New bid for club[edit]

On 18 May 2012 Balram Chainrai’s Portpin launched a bid to take Portsmouth F.C. (affectionately known as Pompey) out of administration that was provisionally accepted by the creditors[14] but indicated he would “prefer someone else to come in”.[15] On 22 June 2012 the Pompey Supporters' Trust also submitted an approved bid to take the club out of administration which would see the creditors paid more.[16] On 15 August 2012 Chainrai withdrew his bid due to criticism of his further involvement by fans, the financial conditions imposed by the League, a ten-point penalty, the administrators' fees, and a number of other items.[17] Chainrai was criticised by manager Michael Appleton, who described him as "unprofessional" after he slashed a promised budget of £4m for new player acquisitions in May to £1.5m.[18] In August Appleton said he was willing to work with Chainrai despite this disagreement. [19]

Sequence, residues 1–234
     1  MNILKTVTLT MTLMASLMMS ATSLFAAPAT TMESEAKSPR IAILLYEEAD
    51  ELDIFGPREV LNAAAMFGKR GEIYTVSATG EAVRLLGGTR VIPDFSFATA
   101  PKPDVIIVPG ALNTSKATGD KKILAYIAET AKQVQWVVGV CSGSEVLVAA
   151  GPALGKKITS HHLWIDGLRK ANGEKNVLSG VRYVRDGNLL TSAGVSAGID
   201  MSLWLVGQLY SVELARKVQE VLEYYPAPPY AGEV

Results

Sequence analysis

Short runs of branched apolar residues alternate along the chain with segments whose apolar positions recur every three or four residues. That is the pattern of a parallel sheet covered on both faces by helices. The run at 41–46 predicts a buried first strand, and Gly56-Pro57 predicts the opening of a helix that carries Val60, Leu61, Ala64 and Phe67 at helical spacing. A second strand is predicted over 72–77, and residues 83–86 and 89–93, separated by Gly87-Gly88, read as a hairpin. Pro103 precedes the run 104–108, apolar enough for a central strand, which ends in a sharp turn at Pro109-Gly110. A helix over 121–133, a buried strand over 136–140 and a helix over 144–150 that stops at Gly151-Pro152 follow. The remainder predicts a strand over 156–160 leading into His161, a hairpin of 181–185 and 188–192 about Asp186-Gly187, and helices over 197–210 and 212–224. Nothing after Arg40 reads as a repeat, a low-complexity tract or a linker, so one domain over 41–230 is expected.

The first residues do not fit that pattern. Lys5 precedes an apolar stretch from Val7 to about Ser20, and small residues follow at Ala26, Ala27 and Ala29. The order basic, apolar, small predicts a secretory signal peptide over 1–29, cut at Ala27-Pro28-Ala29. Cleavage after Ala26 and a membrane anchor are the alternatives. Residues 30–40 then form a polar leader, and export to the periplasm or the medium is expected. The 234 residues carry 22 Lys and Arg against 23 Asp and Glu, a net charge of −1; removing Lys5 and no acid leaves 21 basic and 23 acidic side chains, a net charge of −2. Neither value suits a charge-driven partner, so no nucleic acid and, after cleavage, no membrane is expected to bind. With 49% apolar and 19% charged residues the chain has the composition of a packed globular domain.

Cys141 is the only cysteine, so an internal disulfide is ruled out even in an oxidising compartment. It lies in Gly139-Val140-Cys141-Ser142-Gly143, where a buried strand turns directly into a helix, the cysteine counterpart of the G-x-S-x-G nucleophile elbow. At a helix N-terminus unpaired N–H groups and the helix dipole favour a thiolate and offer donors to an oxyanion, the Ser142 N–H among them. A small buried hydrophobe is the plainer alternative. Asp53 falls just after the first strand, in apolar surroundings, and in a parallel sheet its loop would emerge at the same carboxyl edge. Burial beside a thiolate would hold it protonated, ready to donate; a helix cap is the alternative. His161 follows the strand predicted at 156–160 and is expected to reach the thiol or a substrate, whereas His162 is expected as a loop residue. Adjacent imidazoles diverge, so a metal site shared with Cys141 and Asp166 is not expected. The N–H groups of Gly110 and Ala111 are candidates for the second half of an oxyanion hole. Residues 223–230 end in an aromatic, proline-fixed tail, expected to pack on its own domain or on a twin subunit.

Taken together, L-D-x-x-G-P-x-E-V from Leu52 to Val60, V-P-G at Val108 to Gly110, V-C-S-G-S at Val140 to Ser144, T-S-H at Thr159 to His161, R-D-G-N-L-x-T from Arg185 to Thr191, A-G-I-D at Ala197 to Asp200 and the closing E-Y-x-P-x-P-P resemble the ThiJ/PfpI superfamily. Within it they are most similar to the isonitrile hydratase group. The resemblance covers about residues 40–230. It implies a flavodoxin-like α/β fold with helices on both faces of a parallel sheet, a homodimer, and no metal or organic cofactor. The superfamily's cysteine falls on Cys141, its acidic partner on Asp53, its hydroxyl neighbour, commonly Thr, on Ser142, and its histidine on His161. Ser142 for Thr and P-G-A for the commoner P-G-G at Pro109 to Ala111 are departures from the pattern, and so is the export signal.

On 24 August 24, 2012 Chainrai submitted a new bid after he said he had been asked to by the administrators, the council and the creditors, but when questioned they all denied it.[20] This reinvolvement also led to protests from Portsmouth supporters.[20] On 28 August 2012 Members of the UK Parliament urged Chainrai to accept the offer from The Pompey Supporter Trust.[21] According to Carl Faulds, a football finance expert, Chainrai fears that, if he is unsuccessful in his attempts to buy the club, he will lose control of Portsmouth stadium Fratton Park.[22] On 25 September 2012 Chainrai began to criticise The Pompey Supporters' Trust, claiming that their bid had no substance.[23] The following day PST responded, criticising Chainrai and saying the negotiations were 'alive and kicking', and that Chainrai was the wrong choice of owner for the club.[24] By 10 October 2012 a thousand Portsmouth Fans had signed an online petition to football authorities to prevent Chainrai owning the club once again. At least 2,700 signatures had been collected when Fan Dan Lacey launched the No Portpin at Pompey petition.[25] Soon after, Chainrai's bid to buy Portsmouth failed to meet approval by The Football League, because he wouldn't pass their 'owners and directors' test.[26] Chainari has denied this, insisting the bid progress to buy the club is positive.[27] On the deadline day, Administrator Trevor Birch announced Pompey Supporters’ Trust was the preferred bidder to take over Portsmouth.[28] After the negotiations, Chainari vowed he would become a Portsmouth owner once again.[29] However, Chanrai halted his attempt to buy the club on 19 November 2012 for the second time[30] It was announced that the case would be heard at the High Court of Justice on 13 and 14 December after Chainari held the stadium, Fratton Park, as security[31] Prior to this court case, Chainrai announced his intention not to go the court hearing.[32] The case has since been delayed several times and is now subject to an absolute deadline to be heard by 19 April.